Stand By Me's Wil Wheaton Reveals How His Performance Was Informed By Alleged Childhood Emotional Abuse

Wil Wheaton as Gordie in Stand By Me

Rob Reiner's Stand By Me is an incredible and timeless piece of cinema, the story emerging from the memories and imagination of Stephen King, and brought to life with a collection of perfect performances. The movie features an amazing ensemble of young actors, with the lead of the pack being Wil Wheaton as the innocent and grief-stricken Gordie Lachance – and the work he does is remarkable from such a young star. It's an impressive turn to look back on, and Wheaton has now revealed that he feels at least part of its power comes from the fact that it was informed by what he has recalled as emotional abuse from his own childhood.

Stand By Me is back in theaters for a limited engagement to celebrate the movie's 35th anniversary, and it was during an interview with Yahoo! that Wil Wheaton opened up about his experience working on the film and how it was impacted by his relationship with his parents. He says that he didn't have a passion for acting when he was a child, but that it was something that his mother and father forced him into. He explained,

I didn’t want to be an actor when I was a kid. My parents forced me to do it, my mother made me do it. My mother coached me to go into her agency and tell the children’s agent, ‘I want to do what mommy does.’ And through a combination of an incredible emotional abuse from my father and a lot of manipulation, using me, from my mother, it really put me in that place.

Wil Wheaton made his professional acting debut when he was just eight years old, playing a small part in a 1981 TV movie title A Long Way Home. His credits leading up to Stand By Me included The Defiant Ones, The Last Starfighter, and the animated The Secret of NIMH, but it was Rob Reiner's 1986 film that proved to be his breakout performance – eventually leading to a high-profile role on Star Trek: The Next Generation.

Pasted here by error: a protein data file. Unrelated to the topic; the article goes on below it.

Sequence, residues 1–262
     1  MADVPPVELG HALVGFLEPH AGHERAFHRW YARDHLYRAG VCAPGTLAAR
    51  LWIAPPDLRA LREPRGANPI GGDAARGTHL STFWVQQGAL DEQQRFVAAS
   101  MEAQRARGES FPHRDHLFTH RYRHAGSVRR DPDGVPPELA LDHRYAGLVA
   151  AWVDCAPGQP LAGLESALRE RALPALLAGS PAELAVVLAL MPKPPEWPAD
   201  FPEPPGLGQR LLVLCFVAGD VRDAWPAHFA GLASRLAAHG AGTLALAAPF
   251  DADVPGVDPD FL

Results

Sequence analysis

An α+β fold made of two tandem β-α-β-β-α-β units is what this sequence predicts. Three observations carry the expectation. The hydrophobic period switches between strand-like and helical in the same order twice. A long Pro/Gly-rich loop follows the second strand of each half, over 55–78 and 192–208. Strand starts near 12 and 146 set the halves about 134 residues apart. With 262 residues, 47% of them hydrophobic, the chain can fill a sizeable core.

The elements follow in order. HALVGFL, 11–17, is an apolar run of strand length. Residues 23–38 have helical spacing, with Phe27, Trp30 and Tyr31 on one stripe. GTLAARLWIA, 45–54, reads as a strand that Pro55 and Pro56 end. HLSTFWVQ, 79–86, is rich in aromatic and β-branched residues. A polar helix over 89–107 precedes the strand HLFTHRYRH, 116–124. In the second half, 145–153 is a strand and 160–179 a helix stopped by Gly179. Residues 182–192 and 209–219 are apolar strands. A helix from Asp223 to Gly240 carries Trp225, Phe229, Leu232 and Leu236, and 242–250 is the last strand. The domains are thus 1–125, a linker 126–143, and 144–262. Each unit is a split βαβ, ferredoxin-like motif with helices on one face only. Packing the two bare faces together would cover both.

Reflecting on his time playing Gordie Lachance – a burgeoning writer invisible to his family even before the death of his older brother (John Cusack) – Wil Wheaton noted that he feels that Rob Reiner cast him in the role because the filmmaker recognized what was happening inside his mind and behind his eyes. He had multiple touchstones to connect with the character, and it gave him the capacity to deliver an emotional and realistic performance. Said Wheaton,

[It] put me in exactly the right place to play Gordie because Gordie’s experience very much reflected my experience. We’re both invisible in our homes. We both have a brother who is the golden child. We’re both the scapegoat in the family. So when I watch Stand By Me now, I cannot ignore the unbelievable sadness in my eyes. And I cannot ignore the reality that it was that sadness, that isolation that I think gave me what Gordie needed to come to life and I think Rob Reiner saw that.

Going further, Wil Wheaton added that he feels that the kind of in-depth casting that led to him playing Gordie in Stand By Me wasn't an exclusive thing. Instead, it was something that was the case for the entire ensemble. According to the actor, Rob Reiner saw a particular anger in Corey Feldman that made him the right Teddy Duchamp; he saw wisdom in River Phoenix that would make him the perfect Chris Chambers; and it was because Jerry O'Connell was so personable and funny that he had to be cast as Vern Tessio.

As for himself, Wheaton added,

I guess I want to be a writer so that makes me Gordie. I never realized until I was in my 40s that I was Gordie because I was Gordie.

Stand By Me is currently streaming on Starz (it will be on Netflix starting in June), and available on 4K, Blu-ray, DVD, and digital – but if you act quickly you can have the incredible opportunity of watching the magical movie on the big screen. The first Fathom Events-hosted screenings were held yesterday, but there are more scheduled nationwide this Wednesday, May 26. You can find more details here.

Eric Eisenberg
Assistant Managing Editor

NJ native who calls LA home and lives in a Dreamatorium. A decade-plus CinemaBlend veteran who is endlessly enthusiastic about the career he’s dreamt of since seventh grade.